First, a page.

Date: June 10, 2021
Teaching is hard work. Under normal circumstances, a seasoned teacher will spend a significant amount of time designing, planning, and preparing lectures for a course. This spring, the Virginia Theological Seminary faculty completed an entire year of online teaching. We navigated digital platforms and online office hours. We learned about lighting, microphones, and ideal backgrounds. Classes were revised and reimagined so they would work on a virtual platform.
Once course materials were loaded onto Brightspace, the faculty then faced the challenge of engaging and evaluating students who were overwhelmed, dealing with the disappointments and dislocation of the ongoing pandemic, supporting family members and trying to learn with children at home who were in virtual school as well. Students and teachers struggled to stay engaged for long hours on Zoom. We heard the cry, “You’re muted,” and said, “Unmute yourself,” more times than we care to remember.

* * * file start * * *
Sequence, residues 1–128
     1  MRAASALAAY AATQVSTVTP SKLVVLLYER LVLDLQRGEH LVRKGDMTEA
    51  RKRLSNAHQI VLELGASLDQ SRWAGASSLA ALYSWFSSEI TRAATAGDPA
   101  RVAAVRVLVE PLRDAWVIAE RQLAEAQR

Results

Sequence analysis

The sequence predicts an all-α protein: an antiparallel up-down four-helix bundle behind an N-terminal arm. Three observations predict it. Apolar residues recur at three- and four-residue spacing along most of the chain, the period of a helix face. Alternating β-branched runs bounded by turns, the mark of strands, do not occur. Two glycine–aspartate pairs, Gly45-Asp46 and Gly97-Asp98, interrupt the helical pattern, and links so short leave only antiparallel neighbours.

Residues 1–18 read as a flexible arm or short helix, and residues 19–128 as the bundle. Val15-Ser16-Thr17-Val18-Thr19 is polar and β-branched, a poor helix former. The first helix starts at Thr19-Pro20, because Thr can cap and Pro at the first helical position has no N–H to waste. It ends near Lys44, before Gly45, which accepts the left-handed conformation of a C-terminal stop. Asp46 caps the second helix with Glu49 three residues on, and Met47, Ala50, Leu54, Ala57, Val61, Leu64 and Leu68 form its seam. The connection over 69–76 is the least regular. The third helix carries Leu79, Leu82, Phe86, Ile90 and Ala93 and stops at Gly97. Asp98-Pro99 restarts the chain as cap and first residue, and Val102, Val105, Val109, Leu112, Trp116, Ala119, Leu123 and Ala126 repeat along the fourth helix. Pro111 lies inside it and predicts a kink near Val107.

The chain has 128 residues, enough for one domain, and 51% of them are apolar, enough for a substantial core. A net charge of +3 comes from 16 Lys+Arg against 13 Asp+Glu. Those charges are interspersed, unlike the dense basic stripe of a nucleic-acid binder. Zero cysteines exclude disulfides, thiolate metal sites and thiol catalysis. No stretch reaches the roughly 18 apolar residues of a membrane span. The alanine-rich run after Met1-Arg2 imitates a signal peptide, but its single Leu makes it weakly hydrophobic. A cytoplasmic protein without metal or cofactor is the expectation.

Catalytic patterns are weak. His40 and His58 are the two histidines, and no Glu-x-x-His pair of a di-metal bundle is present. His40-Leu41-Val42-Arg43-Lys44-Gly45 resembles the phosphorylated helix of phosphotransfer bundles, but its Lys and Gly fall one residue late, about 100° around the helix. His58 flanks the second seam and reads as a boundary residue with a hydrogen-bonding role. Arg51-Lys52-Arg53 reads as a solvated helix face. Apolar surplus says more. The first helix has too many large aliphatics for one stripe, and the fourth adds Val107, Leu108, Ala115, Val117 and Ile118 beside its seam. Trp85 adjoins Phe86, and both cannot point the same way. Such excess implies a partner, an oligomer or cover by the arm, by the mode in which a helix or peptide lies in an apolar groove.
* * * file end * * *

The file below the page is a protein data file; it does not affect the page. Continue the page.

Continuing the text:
The experience of teaching online made us mindful of some things. Some of us prayed like never before over our students and classes. And we remembered in very powerful ways the importance of a pastoral presence, and the necessity of self-care. We gained a renewed sense of gratitude for residential teaching and learning.
Teaching is hard work and, despite all of the challenges we faced as a community this past year, we have newly acquired skills and learnings that will inform our future work. It is a joy to be a part of an institution that values teaching. The VTS faculty have shown themselves strong in this pandemic and are looking forward to teaching in the fall.
The Rev. Judy Fentress-Williams, Ph.D.
Acting Vice President for Academic Affairs and Professor of Old Testament